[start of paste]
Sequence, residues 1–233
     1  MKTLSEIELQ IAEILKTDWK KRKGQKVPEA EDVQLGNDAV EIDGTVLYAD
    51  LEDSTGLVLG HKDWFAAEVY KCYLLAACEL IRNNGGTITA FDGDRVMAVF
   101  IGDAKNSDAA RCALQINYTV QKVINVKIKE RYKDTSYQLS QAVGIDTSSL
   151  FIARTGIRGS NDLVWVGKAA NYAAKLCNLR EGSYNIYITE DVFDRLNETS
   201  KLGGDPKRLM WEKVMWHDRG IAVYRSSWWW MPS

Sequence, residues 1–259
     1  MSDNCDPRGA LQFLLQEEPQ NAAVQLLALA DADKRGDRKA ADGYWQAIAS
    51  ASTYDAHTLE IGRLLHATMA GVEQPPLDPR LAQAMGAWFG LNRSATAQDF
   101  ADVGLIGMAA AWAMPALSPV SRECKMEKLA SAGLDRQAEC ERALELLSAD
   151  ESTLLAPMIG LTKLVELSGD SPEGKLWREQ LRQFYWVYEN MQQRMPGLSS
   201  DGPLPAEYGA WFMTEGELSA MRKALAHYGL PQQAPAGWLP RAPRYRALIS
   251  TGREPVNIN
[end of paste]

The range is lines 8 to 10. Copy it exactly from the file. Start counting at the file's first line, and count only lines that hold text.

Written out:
     1  MSDNCDPRGA LQFLLQEEPQ NAAVQLLALA DADKRGDRKA ADGYWQAIAS
    51  ASTYDAHTLE IGRLLHATMA GVEQPPLDPR LAQAMGAWFG LNRSATAQDF
   101  ADVGLIGMAA AWAMPALSPV SRECKMEKLA SAGLDRQAEC ERALELLSAD